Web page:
BEYOND THE LOCAL: Emergencies Act Widely Covered in Canada’s Ethnic Media

With a large Eastern European diaspora in Canada, some immigrant communities see a parallel between recent emergency powers and the dictatorships they fled

As the world awoke to the latest reports of Russian attacks on Ukraine, the short-lived emergency law evoked memories of Eastern European dictatorships among some communities and sparked thoughts on ‘democracy’ and ‘freedom’ among ethnic media commentators.

A number of ethnic media outlets have pointed to what they see as hypocrisy and double standards by Prime Minister Justin Trudeau’s government for supporting disruptive protests around the world but cracking down on similar protests at home.

“For many ethnic communities, part of the conversation was always about the nature of democratic freedom in Canada versus the regimes of their home country,” says Silke Reichrath, editor of MIREMS Ltd. – Multilingual Research and Ethnic Media Services. .

The sightings come amid a flurry of activity over the past week, including invoking and revoking the emergency law, parliamentary debate and law enforcement action to suppress protests in Ottawa and border blockades elsewhere.

Given the distinct ethnolinguistic perspectives offered by the ethnic media, several reports have therefore tried to educate the public on the meaning of emergency law and the powers it grants and does not grant to the government.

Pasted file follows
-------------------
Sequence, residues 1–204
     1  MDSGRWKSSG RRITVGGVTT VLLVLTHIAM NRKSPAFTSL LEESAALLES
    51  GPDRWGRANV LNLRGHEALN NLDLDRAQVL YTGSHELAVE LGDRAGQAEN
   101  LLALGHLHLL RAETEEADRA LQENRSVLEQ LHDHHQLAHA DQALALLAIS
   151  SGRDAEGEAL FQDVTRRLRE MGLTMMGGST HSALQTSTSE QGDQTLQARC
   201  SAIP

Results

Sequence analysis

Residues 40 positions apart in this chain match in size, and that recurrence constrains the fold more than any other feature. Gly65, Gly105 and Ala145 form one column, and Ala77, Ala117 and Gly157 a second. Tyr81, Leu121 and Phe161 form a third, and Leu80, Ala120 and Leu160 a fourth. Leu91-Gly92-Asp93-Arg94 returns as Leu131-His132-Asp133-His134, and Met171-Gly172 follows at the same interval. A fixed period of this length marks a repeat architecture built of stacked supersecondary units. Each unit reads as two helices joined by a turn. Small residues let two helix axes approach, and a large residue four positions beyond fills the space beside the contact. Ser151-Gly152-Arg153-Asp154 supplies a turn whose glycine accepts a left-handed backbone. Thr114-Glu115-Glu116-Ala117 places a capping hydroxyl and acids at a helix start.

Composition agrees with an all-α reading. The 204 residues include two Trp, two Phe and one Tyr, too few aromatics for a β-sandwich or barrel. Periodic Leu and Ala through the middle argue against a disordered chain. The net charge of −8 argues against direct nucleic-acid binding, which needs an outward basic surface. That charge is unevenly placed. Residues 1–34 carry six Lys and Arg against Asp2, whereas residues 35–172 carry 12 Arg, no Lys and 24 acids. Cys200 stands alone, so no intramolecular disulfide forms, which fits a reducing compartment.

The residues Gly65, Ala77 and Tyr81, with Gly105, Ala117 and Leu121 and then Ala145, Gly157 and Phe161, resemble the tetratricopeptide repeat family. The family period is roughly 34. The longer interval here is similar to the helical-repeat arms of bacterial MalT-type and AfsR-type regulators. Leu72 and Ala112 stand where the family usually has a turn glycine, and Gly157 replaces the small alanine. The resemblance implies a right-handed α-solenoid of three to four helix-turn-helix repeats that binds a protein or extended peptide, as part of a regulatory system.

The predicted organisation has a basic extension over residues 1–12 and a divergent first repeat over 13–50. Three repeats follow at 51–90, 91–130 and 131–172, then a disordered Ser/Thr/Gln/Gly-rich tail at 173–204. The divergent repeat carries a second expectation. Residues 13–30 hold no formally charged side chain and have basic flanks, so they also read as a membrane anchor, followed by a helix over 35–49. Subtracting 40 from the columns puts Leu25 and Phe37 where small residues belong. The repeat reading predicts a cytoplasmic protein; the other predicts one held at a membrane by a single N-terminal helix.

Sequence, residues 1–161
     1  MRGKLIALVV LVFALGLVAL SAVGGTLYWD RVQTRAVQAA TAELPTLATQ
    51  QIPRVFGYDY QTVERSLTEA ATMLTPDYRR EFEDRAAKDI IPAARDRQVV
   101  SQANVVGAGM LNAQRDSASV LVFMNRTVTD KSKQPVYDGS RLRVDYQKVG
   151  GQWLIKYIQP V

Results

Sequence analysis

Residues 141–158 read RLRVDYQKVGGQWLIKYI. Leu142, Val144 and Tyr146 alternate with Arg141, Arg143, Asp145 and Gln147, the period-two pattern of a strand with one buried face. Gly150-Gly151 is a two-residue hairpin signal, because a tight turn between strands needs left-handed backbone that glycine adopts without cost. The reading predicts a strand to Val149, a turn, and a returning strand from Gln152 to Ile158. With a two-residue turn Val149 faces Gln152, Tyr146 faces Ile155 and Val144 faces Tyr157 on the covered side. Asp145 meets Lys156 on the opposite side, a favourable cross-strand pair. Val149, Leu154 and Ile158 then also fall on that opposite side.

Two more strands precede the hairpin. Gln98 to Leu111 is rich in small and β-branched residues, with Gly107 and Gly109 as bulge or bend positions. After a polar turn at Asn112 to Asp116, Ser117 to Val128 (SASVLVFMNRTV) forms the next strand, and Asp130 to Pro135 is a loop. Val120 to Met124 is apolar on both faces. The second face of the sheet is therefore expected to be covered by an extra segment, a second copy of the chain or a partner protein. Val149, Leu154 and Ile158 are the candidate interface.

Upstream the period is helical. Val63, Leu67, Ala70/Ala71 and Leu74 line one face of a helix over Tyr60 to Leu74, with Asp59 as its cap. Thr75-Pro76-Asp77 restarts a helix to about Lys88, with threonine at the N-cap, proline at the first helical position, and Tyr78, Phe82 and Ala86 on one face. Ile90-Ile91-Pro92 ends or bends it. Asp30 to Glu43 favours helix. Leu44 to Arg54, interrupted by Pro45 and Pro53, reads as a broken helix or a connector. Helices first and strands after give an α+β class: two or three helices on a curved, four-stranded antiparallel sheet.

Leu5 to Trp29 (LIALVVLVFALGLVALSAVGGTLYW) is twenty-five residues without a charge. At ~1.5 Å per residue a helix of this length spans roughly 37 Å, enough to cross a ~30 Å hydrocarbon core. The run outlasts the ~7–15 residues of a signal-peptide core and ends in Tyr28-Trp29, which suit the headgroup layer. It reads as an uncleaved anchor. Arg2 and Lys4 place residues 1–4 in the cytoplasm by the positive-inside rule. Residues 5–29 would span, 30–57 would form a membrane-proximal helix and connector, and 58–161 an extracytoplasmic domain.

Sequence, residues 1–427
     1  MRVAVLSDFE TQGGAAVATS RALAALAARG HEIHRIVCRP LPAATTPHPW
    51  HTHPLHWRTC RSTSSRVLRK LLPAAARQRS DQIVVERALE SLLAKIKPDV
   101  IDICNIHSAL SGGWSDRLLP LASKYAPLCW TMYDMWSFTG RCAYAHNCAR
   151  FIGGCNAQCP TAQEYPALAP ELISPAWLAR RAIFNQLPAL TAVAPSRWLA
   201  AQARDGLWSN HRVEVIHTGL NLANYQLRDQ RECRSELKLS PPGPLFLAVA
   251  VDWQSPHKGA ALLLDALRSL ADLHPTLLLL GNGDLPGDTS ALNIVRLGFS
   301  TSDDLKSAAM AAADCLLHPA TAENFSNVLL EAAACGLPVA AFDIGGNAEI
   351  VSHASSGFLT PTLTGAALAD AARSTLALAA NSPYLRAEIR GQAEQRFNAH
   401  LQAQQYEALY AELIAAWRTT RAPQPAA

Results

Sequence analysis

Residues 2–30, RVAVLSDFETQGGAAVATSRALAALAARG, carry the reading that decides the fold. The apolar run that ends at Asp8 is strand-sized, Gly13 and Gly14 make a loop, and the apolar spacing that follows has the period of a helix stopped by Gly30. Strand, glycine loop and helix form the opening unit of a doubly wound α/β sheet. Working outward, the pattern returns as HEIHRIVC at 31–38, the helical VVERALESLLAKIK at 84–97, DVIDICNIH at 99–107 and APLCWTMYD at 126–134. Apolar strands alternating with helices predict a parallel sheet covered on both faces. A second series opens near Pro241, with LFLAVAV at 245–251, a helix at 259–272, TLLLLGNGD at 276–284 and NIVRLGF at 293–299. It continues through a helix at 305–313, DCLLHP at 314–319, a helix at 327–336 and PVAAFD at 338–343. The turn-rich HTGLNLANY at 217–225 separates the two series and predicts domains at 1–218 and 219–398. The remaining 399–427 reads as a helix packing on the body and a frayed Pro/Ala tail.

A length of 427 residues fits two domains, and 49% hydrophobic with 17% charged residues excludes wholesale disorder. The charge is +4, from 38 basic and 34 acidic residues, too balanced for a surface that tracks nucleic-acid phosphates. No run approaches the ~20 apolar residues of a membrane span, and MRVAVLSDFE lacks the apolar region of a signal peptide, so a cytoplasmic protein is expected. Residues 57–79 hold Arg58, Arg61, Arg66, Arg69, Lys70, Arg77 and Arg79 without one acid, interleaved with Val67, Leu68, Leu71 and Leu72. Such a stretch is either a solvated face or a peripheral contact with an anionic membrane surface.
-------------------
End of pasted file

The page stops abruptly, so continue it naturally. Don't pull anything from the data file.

There was also a focus on concerns about right-wing influence in the Italian community, opposition to emergency powers within various diasporas, and the growing racism experienced by Punjabi truckers following the “convoy of freedom”.

“Another form of dictatorship”

MIREMS analysts have observed that most critics of the emergency law the invocation and repression come from members of Eastern European communities.

In Montreal, the Romanian site Pagini Romanesti reported that despite the great sympathy of Romanian-Canadian Facebook groups towards the Freedom Convoy protests, “Romanians have not rushed to support them financially.”

According to the publication, Romanians see truckers as “fighting to free themselves, and implicitly the rest of Canadians, from tyranny.”

“I lived under the Ceausescu dictatorship,” commented one donor. “Now I am fighting against another form of dictatorship.”

Over in Vaughn, the Russian site Netolko News reported that Calgary pastor Artur Pawlowski was jailed, held in solitary confinement and denied bail for a peaceful speech he gave to Coutts’ Freedom Convoy, in Alberta.